Energy Drinks vs. Stimulant Drinks

Contributed by Dr. Steven T. Devor – Director of Performance Physiology for MIT and OhioHealth, and Associate Professor of Exercise Physiology, Department of Human Sciences, and Department of Physiology and Cell Biology, The Ohio State University

I believe most of us have a sense that there are real and vast differences between the carbohydrate and electrolyte beverages we are familiar with (e.g., Gatorade, Powerade, GuBrew) and the so-called “energy” drinks  (Monster, Rockstar, Red Bull, 5 Hour Energy) that are becoming increasingly prevalent and popular.  What I want to emphasize is just how significant, and potentially serious, the differences can be. All of the names used for “energy” drinks can be confusing, but do not be fooled by advertising and slick marketing claims.  Additionally, the many ingredients in these “energy” drinks can be deceiving.  If you or your children are drinking beverages that claim to be an “energy drink,” it is highly likely a large and unhealthy dose of stimulants is being consumed.  These beverages should more properly be termed stimulant drinks.

Recall that the glucose found in carbohydrate and electrolyte beverages is the primary source of fuel for regenerating ATP, which is the essential energy source your skeletal muscles require to contract and permit all physical movement.  Carbohydrates are a direct source of glucose, but the body can also make ATP by burning fats (frequently) and protein (rarely).

In contrast, the many stimulants found in the “energy drinks” bind to neurons and activate them.  But I want to be clear, stimulants simply are not able to take the place of glucose or the ATP it produces.  Stimulants can increase the rate and amount of glucose you burn, which is what makes people feel energized.  Make no mistake though; once the glucose for energy is gone, it is gone.  Individuals consuming “energy drinks” may feel they have more energy but it is primarily because all of their glucose is being utilized quickly.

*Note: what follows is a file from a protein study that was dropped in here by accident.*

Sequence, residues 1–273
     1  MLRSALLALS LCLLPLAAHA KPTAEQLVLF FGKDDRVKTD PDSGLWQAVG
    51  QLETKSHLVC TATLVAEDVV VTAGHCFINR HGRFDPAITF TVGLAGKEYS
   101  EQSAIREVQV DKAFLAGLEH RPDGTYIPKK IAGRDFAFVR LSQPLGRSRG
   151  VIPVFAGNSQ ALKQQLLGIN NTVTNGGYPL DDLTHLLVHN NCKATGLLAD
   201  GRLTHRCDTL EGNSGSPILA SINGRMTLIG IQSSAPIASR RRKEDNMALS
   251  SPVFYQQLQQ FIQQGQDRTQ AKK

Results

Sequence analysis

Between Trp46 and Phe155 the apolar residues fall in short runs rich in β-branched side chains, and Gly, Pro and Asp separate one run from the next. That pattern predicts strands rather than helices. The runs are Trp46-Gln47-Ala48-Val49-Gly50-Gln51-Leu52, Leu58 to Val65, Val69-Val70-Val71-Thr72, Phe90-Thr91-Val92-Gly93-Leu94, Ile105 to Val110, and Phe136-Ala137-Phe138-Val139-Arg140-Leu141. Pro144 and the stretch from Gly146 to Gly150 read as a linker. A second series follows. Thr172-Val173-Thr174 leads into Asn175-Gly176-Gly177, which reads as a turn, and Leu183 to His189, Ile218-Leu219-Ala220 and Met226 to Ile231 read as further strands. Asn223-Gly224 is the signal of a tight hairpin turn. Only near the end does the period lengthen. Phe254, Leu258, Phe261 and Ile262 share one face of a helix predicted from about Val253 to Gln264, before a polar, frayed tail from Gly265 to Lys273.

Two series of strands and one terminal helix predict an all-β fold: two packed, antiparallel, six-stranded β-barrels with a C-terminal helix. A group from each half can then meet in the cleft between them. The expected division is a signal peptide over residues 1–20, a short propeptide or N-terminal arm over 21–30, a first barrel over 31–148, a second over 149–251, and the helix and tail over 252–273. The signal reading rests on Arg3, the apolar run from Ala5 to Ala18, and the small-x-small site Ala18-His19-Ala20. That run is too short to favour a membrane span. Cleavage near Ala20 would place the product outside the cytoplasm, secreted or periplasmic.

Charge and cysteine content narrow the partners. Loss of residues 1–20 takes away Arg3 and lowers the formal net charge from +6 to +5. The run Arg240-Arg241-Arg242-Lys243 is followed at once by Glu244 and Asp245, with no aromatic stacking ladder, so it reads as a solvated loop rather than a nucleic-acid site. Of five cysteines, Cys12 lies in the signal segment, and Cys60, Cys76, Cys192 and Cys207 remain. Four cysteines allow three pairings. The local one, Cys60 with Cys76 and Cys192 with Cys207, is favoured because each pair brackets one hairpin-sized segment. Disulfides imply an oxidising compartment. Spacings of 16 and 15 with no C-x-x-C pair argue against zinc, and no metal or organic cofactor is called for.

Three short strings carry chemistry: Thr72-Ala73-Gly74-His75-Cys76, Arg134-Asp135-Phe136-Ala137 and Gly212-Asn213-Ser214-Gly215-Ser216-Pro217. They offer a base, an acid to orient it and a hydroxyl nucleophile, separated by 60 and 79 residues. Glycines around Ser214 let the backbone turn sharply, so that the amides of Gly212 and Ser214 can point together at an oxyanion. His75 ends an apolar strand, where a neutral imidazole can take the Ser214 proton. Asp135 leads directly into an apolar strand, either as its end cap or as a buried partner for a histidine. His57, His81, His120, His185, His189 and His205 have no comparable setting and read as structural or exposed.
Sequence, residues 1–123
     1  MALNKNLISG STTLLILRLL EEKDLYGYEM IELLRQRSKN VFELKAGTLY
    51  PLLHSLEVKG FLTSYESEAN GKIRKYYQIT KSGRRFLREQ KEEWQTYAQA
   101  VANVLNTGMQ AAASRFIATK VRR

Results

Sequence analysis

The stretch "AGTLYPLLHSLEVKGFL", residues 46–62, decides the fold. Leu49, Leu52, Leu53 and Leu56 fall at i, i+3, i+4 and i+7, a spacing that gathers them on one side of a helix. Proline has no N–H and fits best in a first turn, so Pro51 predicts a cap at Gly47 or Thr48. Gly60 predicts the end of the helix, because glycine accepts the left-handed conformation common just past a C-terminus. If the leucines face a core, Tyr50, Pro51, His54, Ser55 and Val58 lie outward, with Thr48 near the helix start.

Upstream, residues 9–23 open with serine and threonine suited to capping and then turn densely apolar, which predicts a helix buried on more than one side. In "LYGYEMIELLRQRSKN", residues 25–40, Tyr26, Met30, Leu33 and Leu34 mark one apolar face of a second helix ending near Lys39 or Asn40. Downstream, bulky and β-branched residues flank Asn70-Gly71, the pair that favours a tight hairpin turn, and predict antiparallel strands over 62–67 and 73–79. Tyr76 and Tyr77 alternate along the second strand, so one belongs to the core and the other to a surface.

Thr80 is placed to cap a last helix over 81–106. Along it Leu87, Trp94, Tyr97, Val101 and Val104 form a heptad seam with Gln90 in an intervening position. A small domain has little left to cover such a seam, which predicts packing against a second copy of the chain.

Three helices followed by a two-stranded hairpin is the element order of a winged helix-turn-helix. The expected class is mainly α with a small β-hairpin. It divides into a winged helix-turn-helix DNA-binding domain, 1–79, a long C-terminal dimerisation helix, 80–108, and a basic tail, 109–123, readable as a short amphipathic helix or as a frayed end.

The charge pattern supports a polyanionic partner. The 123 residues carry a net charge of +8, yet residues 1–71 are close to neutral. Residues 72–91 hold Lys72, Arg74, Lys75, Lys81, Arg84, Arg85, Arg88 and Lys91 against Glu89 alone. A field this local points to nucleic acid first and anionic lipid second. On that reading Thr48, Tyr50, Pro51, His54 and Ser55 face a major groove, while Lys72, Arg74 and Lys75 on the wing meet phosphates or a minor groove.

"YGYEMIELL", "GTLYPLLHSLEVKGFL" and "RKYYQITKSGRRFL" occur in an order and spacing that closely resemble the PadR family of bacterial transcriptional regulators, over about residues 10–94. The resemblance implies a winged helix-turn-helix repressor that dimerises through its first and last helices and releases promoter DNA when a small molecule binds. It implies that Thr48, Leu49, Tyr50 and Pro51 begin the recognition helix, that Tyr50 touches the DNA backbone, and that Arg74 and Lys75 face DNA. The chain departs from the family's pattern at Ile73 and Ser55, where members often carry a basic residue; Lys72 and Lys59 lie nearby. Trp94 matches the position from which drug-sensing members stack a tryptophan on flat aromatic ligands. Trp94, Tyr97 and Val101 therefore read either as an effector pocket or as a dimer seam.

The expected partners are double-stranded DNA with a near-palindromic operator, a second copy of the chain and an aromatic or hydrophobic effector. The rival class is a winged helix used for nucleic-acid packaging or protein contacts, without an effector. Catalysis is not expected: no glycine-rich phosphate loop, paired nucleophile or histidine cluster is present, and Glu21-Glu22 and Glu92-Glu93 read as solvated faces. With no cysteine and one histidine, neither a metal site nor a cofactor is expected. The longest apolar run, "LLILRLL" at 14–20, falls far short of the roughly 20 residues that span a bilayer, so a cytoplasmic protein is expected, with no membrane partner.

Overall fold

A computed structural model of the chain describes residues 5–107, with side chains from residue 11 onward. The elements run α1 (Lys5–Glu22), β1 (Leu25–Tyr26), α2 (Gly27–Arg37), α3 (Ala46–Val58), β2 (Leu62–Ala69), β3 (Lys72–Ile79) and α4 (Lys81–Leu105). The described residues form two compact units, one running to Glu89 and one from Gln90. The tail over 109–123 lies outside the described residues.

If you or your children consume “energy drinks”, when was the last time you carefully examined an ingredient label for one of these products?  Take a few moments to examine the label above.  If you bought this product, would you actually know what you were drinking? Would your children?

As you look at the label be aware of the following facts:

  • Tyrosine and phenylalanine, are ingredients commonly added to “energy drinks”, and can interact with a number of commonly physician prescribed drugs, including drugs used to treat ADHD.
  • Methylsynephrine, is a stimulant that is on the List of Prohibited Substances of the World Anti-Doping Agency.
  • Kola Nut and Guarana are both sources of caffeine.
  • Citrus aurantium (a.k.a. bitter orange) contains synephrine, another stimulant.  Synephrine is not prohibited or banned, but added together with all of the other ingredients in this particular product, could potentially result in health problems.
  • Yohimbe interacts with anti-depressants.
  • Ma Huang is the plant source for ephedra.  Ephedra is a very strong stimulant that was taken off the market years ago by the FDA as it resulted in several serious adverse health effects and even some deaths.  However, ephedra is still finding its way into dietary supplements if only in very small doses.

In June, 2011 a paper published in Pediatrics, the official journal of the American Academy of Pediatrics, stated “stimulant-containing energy drinks have no place in the diets of children or adolescents”. 

In summary, it is clear “energy drink” products are often used to replace carbohydrate and electrolyte beverages.  They are simply not the same type of drink.  We know that for exercise lasting longer than 60 minutes, it is safest and best to consume carbohydrate and electrolyte beverages.  If you are physically active for less than 60 minutes hydration is best achieved by simply consuming adequate amounts of water.

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